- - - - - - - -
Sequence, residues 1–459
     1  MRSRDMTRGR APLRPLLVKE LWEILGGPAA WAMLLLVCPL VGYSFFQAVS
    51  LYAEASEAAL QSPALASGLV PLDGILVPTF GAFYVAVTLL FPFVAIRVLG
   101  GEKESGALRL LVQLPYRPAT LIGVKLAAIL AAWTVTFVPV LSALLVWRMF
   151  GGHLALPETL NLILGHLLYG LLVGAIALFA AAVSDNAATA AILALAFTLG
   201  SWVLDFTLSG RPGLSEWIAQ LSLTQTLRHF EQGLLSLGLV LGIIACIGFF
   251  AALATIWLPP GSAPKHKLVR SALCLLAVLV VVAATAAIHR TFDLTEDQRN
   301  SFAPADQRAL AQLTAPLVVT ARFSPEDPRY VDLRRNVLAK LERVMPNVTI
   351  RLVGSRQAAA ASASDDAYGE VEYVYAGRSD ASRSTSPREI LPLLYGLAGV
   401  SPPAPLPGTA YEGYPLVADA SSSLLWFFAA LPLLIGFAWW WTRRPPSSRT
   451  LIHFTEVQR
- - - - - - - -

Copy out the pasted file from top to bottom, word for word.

Sequence, residues 1–459
     1  MRSRDMTRGR APLRPLLVKE LWEILGGPAA WAMLLLVCPL VGYSFFQAVS
    51  LYAEASEAAL QSPALASGLV PLDGILVPTF GAFYVAVTLL FPFVAIRVLG
   101  GEKESGALRL LVQLPYRPAT LIGVKLAAIL AAWTVTFVPV LSALLVWRMF
   151  GGHLALPETL NLILGHLLYG LLVGAIALFA AAVSDNAATA AILALAFTLG
   201  SWVLDFTLSG RPGLSEWIAQ LSLTQTLRHF EQGLLSLGLV LGIIACIGFF
   251  AALATIWLPP GSAPKHKLVR SALCLLAVLV VVAATAAIHR TFDLTEDQRN
   301  SFAPADQRAL AQLTAPLVVT ARFSPEDPRY VDLRRNVLAK LERVMPNVTI
   351  RLVGSRQAAA ASASDDAYGE VEYVYAGRSD ASRSTSPREI LPLLYGLAGV
   401  SPPAPLPGTA YEGYPLVADA SSSLLWFFAA LPLLIGFAWW WTRRPPSSRT
   451  LIHFTEVQR